The internet and smartphones have slowly crept into our lives and have gone from good things, to things that are making us stupider.  We literally have the expanse of human knowledge at our fingertips, and the vast majority of us use our devices to get into political arguments with strangers, and to look at other people’s (digital) lives and become depressed that they are doing better than us.  But the problem is actually a lot worse than many of us believe.

How many times per day do you check your phone?  You have a few minutes to spare, so you quick open Facebook.  You are using the bathroom so you have to scroll through pictures on Instagram.  You know there is nothing new on Facebook so you pull up Twitter, snapchat, whatsapp, tumblr, or any other site where you can digitally interact.  Even if nothing else is going on you have to have that stimulation, so you open the weather app and start looking at the long-term forecasts.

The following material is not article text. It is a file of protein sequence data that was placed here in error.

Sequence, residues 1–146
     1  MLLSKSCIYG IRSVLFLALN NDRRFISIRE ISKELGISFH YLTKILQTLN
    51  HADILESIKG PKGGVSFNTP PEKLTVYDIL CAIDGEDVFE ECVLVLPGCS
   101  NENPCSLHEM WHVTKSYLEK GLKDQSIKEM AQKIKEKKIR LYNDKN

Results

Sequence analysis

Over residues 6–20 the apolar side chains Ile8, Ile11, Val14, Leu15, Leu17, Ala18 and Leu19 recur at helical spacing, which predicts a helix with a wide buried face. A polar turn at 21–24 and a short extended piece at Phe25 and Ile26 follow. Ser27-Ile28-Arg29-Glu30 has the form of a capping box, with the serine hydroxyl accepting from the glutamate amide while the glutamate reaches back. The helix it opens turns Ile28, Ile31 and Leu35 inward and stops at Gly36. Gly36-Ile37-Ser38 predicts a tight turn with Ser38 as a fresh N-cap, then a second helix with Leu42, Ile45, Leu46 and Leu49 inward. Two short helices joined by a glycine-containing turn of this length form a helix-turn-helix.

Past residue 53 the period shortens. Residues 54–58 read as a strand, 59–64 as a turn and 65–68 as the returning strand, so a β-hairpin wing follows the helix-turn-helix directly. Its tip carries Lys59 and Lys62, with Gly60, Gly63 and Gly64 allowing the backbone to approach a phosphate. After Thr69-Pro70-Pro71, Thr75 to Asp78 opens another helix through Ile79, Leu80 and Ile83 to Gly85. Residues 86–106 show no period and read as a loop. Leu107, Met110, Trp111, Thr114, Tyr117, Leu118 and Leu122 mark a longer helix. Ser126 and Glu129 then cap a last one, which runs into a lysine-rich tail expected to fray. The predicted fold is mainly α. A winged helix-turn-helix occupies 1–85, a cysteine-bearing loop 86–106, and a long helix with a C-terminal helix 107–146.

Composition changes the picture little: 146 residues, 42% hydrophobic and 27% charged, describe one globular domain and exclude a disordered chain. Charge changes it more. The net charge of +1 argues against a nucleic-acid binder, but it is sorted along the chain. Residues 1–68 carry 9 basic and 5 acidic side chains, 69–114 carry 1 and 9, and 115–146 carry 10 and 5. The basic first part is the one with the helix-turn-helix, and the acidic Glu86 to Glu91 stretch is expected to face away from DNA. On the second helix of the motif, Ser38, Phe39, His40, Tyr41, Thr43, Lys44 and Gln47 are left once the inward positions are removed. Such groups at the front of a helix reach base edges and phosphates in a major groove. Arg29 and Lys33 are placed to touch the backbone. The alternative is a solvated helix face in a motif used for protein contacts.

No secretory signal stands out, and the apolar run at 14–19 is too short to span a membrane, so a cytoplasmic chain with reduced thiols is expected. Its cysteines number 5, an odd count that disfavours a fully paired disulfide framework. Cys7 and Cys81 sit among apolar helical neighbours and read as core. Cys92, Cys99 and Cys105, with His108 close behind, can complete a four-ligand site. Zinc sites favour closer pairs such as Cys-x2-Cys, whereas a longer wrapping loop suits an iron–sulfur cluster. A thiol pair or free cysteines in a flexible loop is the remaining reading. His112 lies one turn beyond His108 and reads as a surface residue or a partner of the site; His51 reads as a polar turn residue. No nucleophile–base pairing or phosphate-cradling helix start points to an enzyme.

We are becoming stupider, because we can’t break away from our devices.  And most of us think that we don’t have a problem.

There have been a lot of studies on smartphone usage.  But in 2015 a group of people were tracked with their usage.  They made predictions on how much they used their phones, and then had an app that tracked their usage installed for the next two weeks.  It turns out that people check their phones 85 times every day, and spend around a third of their waking hours staring at the tiny pixels!  Looking back at their previous predictions, they use their phone twice as often as they thought they did.

Back in the 1990’s, when the internet entered into homes across America, experts quickly realized that it was addicting.  Now, when it’s in all of our pockets, it’s so addicting that most of us don’t know that we are addicted.